Outside of the more competitive trials, the visuals tend to fluctuate depending on the weight of the situation. As one would expect, tight scenes with a lot on the line tend to emphasize the colors, detail, and expressions on characters’ faces and bodies. The only reason I say “bodies” is because of the fan service. There’s a nice touch to Victor’s eyes that I find bemusing, almost like staring into a rainbow reflecting off a glacier. Character designs are nice and varied, with performances emphasizing their key detail (whether this is good or bad is debatable). Even if the animation isn’t amazing, there’s still a lot of effort put forth into making (most) performances as smooth and impressive as possible. Yuri (Note the number of u’s) has a few performances that genuinely impressed me. The dexterity of his body and the fine-tuned precision of his set, full of grace and blissful strength is among my favorite scenes in the entire anime. Small details such as the sound of the skates hitting the ice and the cruising all adds charm to the realism of the show, even though the story feels a little too “swan song.”
Pacing is important. Very important. Without proper pacing, a show can go from incredibly vibrant and affectionately marinated to repetitive, episodic gruel. Yuri!!! On Ice realized right before the tournament arcs that it was only one-cour, so it set the speed to ludicrous. Events transpire at the blink of an eye, with characters appearing and disappearing without a second thought. Don’t you worry, though, as the anime will make damn sure you remember every single one of them. Motivations, flashbacks, random events that mean nothing to the viewer pop up and take center stage for anywhere from five minutes to five seconds. It gives them all the charm of being “the siscon” and “the excessively sexual one” and “the stoneface.” Yuri!!! On Ice marks off each box on its “To-Do Chart” with things that are obvious in trying to tell a good story, even if it means cramming them all together in a box that just won’t fit. The episodes begin to feel shallow, the interactions between characters even more so. Like the anime is simply doing it because it feels it has to or else the audience will grow bored. It is also here where Victor and Yuuri’s relationship feels the most plastic.
My irritation with the direction the anime took didn’t ultimately affect my appreciation of the more major characters. Victor is both a likable character and an accumulation of every bishie fan’s hopes and dreams. I feel the anime takes advantage of this too much, but I digress. The real stars of the show are Yuri and Yuuri, as both start from their own low points to achieve a sense of self-satisfaction. Yuuri’s position, as I’ve noted on several occasions, is among the easiest tropes to develop; having a weak person become confident and strong. Cliché or not, I felt the way the anime handled his development to be fairly enjoyable. Again, the mentor position Victor has in his life is a very strong focal point, along with the push he provides in helping Yuuri grow as a person. Yuri is a somewhat different case, as he goes more for the “Silver” route. A cocky asshole in his fair youth, the Russian successor to Victor has a journey of finding out what he truly desires to achieve with his life, along with finding the support system to help him along the way. While he doesn’t get nearly as much screentime or development as Yuuri, Yuri still holds his own as an independent character. His design reminds me a bit of Raiden from Metal Gear Solid 2, but that’s unimportant.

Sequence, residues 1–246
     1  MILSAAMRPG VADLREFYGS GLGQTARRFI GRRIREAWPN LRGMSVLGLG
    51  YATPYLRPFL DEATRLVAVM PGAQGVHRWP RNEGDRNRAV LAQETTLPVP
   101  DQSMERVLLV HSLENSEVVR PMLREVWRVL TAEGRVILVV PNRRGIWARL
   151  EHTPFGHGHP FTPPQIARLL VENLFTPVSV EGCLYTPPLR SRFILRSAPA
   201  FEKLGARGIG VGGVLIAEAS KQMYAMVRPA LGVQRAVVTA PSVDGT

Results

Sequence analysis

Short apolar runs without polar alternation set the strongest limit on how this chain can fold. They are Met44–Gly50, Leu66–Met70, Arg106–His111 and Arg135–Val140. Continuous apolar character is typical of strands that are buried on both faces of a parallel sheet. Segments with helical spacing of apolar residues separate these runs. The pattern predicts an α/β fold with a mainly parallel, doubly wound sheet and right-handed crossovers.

Something the masses don’t seem to focus much on is the story, which is likely because it is incredibly straightforward and cliché. A typical (late) coming-of-age story about redemption and personal glory with a competitive spin. It’s not exactly the strongest point, as the pacing is sure to convey. Still, I can’t ignore all the story managed to do to pull me in within the first few episodes. It had that level of depth and intrigue that made it interesting without thinking it will inevitably flop by the midway point. Feeling as though the story was really important by that point, however, is a mockery to the tango being performed by every character ever shown in a giant, messy culmination of human flesh taking place in the middle of a sumo ring.
Yuri!!! On Ice really could’ve benefited from an extra cour. The rushed second half could’ve been slowed down and fine-tuned to adjust to all that was left coming, along with showing each characters’ quirks at a more comfortable speed. The way it is shows that the anime wanted to fulfill every fantasy the audience expected of them, and while some ate that fattening cake right up, others are allergic to cake. I’m not, personally, but I don’t like the stuff regardless. Yuri!!! On Ice will go down in my mind as yet another overhyped anime that got off on displaying all the right stuff at the right time. The only difference here, though, is that it could’ve been so much more.
The rating for these titles and all others can be found on MyAnimeList.
Have a very merry Christmas!